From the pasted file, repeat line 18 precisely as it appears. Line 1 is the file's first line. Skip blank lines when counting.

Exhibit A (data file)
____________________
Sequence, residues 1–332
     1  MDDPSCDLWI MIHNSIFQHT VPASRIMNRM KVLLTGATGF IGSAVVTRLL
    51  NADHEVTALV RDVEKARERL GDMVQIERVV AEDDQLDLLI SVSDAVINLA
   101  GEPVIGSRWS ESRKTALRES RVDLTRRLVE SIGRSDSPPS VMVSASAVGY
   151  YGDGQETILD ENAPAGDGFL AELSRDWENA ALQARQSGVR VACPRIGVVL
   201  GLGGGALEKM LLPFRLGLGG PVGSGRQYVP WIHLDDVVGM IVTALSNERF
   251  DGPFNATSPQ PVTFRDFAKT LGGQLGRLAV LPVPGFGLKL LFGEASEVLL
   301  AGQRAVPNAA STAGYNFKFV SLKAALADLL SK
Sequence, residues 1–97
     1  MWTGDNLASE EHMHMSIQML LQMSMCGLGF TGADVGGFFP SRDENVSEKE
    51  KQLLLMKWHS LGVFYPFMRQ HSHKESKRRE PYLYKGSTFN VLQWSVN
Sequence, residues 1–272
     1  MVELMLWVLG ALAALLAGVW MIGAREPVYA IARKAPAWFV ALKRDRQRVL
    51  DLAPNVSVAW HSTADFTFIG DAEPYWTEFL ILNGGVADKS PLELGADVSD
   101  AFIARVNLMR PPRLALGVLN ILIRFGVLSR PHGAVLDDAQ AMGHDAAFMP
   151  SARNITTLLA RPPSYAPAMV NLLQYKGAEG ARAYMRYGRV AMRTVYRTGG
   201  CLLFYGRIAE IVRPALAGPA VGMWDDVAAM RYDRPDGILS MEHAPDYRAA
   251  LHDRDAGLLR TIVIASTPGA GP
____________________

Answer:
   251  LHDRDAGLLR TIVIASTPGA GP